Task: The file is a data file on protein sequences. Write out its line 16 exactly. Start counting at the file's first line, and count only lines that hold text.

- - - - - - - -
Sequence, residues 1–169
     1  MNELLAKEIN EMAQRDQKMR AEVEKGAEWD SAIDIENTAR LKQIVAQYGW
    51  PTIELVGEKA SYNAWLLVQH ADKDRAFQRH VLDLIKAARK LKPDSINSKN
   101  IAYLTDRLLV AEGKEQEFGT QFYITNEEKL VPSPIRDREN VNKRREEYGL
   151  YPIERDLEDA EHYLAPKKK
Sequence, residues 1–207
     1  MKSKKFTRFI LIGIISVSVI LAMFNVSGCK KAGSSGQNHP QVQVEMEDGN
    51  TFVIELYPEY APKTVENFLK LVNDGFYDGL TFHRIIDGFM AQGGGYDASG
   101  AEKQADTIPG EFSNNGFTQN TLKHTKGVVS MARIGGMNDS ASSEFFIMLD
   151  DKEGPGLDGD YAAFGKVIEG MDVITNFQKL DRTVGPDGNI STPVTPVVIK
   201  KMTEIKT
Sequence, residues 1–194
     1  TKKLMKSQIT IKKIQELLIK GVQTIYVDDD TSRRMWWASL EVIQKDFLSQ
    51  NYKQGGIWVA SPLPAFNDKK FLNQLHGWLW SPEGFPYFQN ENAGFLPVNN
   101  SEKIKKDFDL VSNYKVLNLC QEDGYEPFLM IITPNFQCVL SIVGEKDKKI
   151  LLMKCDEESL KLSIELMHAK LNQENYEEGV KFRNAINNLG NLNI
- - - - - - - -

   151  LLMKCDEESL KLSIELMHAK LNQENYEEGV KFRNAINNLG NLNI